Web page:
Residents who live near a proposed RV park in West Glacier spoke out against the project at a meeting of the Flathead County Commission on Tuesday over concerns about traffic, pollution and the impact to wildlife.
The developer, Glacier Park Inc., is seeking to build a campground near the Middle Fork Flathead River with 25 rental cabins and 102 recreational vehicle spaces on a 178-acre forested tract of land along River Bend Drive, just west of the West Glacier village.
In April, the Flathead County Planning Board voted 5-3 in favor of issuing a special use permit for the project, but the three-person county commission still has the final say. On Tuesday, the commission heard from neighbors of the proposed development and GPI officials. The commission was originally scheduled to vote on the permit on Tuesday, but decided to continue the matter until Friday in order to review an independently produced traffic study that was provided to them during an hour-long public comment period.
During the comment period, residents raised numerous concerns about pollution, safety and the impact to wildlife, but the biggest issue centered on vehicle traffic. Residents noted that during the busy summer months, huge lines of cars queue up in the corridors to Glacier National Park and a new RV park at the southern gate would only exacerbate the issue.
“People trying to access this RV park will only add to the horrible congestion we experience in West Glacier during the summer,” said Alan Koss, a local resident.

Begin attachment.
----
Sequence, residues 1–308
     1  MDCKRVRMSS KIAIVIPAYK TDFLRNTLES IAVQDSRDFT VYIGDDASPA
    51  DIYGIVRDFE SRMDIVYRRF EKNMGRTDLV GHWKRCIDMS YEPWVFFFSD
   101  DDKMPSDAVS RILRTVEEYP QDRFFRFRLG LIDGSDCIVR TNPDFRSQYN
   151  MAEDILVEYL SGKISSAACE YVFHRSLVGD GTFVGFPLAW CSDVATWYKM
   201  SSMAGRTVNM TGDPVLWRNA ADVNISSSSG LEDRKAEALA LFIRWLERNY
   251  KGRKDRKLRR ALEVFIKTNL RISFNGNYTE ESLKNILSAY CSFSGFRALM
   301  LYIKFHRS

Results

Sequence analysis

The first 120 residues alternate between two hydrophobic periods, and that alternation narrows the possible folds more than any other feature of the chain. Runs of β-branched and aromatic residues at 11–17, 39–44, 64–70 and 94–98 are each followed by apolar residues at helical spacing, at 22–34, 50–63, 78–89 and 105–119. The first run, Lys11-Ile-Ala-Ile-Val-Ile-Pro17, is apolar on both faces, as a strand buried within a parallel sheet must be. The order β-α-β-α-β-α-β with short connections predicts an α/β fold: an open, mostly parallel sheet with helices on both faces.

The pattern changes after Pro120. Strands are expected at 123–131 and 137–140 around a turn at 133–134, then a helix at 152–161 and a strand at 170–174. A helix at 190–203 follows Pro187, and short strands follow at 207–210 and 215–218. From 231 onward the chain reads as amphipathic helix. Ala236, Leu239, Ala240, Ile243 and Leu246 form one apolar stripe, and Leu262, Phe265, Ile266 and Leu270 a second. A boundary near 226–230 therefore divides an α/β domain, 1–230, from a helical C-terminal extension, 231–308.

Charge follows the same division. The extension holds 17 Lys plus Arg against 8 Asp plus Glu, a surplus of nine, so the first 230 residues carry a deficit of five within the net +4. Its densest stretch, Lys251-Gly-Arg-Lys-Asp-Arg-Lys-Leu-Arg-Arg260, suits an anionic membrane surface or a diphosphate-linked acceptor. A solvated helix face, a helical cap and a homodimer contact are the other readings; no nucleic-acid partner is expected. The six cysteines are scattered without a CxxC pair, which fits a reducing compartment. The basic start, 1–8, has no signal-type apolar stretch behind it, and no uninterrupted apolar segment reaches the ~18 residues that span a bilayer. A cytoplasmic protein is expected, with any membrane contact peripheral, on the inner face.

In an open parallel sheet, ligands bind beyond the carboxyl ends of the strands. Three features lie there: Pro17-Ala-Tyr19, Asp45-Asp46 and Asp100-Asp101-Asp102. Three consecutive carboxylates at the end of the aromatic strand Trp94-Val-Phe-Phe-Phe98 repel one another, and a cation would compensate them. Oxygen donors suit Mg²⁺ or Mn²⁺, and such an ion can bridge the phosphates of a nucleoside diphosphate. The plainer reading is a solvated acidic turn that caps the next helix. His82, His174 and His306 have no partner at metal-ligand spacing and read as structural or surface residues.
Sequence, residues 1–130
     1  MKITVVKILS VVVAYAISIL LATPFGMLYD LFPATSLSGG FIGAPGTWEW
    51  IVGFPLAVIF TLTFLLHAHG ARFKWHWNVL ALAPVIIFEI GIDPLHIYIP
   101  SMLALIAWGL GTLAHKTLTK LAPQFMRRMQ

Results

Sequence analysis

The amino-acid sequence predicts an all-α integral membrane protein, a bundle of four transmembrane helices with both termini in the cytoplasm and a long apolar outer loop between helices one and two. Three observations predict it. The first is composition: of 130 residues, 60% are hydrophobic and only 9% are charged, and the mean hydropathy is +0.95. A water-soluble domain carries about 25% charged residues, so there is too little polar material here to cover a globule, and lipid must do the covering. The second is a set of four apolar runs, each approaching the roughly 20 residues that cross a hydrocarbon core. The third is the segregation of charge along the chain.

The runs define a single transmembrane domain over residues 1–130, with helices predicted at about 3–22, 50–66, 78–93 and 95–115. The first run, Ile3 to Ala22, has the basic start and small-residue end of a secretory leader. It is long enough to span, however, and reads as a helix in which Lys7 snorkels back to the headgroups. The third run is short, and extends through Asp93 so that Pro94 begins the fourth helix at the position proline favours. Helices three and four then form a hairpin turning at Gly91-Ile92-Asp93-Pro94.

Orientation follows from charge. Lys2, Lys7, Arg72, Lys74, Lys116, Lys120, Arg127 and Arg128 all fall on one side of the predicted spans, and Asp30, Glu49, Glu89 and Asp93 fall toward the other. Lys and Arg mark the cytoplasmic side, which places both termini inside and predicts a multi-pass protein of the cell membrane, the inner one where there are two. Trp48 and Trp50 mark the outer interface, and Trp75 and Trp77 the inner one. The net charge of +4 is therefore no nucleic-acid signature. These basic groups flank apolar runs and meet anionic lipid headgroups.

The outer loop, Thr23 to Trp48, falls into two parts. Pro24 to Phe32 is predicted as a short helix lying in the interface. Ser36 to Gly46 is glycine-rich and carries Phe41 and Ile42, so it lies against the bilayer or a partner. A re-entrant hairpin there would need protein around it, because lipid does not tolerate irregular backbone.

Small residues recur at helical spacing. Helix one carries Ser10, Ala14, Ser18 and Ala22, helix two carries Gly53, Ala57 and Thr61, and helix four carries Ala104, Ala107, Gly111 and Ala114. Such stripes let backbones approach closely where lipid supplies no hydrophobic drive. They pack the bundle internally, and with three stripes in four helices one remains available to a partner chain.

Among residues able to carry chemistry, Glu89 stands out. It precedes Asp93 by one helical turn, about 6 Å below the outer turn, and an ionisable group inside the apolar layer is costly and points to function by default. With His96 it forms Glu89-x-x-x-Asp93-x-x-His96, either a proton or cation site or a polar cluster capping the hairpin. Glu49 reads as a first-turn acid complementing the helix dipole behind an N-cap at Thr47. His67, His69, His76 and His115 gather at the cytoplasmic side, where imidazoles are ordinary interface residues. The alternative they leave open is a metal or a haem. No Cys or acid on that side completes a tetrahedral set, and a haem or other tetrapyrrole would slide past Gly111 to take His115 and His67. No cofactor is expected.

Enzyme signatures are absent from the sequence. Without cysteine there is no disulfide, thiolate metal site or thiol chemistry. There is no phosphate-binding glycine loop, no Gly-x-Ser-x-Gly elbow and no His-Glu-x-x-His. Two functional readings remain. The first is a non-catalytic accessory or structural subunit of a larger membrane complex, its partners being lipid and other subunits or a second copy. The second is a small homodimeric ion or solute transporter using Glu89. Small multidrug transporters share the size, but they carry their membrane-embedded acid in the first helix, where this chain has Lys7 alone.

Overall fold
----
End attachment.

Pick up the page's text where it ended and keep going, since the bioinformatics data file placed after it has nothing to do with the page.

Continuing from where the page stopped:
Residents also took issue with a traffic study produced by a contractor for GPI, specifically because it was conducted in October, when traffic through West Glacier is considerably less. GPI officials, however, noted that while traffic patterns were studied in October, the final report utilized data from the busy summer months. Others also worried about what would happen if an RV got into a collision at the intersection of Going-to-the-Sun Road and River Bend Drive, potentially slowing traffic down even further. Residents were also worried about what might happen if the area along River Bend Drive needed to be evacuated due to a forest fire.
Some residents urged GPI to construct another road to connect the proposed RV park with U.S. Highway 2, but officials suggested it was cost prohibitive. Any new road between the highway and RV park would require a new crossing or bridge over BNSF Railway’s busy tracks.
Terry Divoky, a longtime West Glacier resident, said additional traffic and the environmental impact of the RV park would be a detriment to the little community’s character.
“You can only add so many fish to a fish bowl before that bowl starts to deteriorate,” she said. “The only one who will benefit from this project is GPI but everyone else in the community will suffer.”
Rebecca Baker, a spokesperson for GPI, said the company understands the community’s concerns but that they believe the new RV park would not be a hindrance to West Glacier. She said the company plans to offer a shuttle bus from the RV park to Apgar in an effort to reduce traffic to and from the park.
“We all have a passion for Glacier National Park and the area that surrounds it and we believe that this development will enable us to share this area with others,” Baker said. “We want to work with the community to make this project work.”
GPI hopes to begin construction on the RV park later this year and open it in 2018.
The proposal for an RV park comes less than three years after GPI acquired the property when it purchased the West Glacier land holdings from the Lundgren family in July 2014. The deal included the West Glacier Mercantile and other holdings in West Glacier as well as cabins in Apgar in Glacier National Park.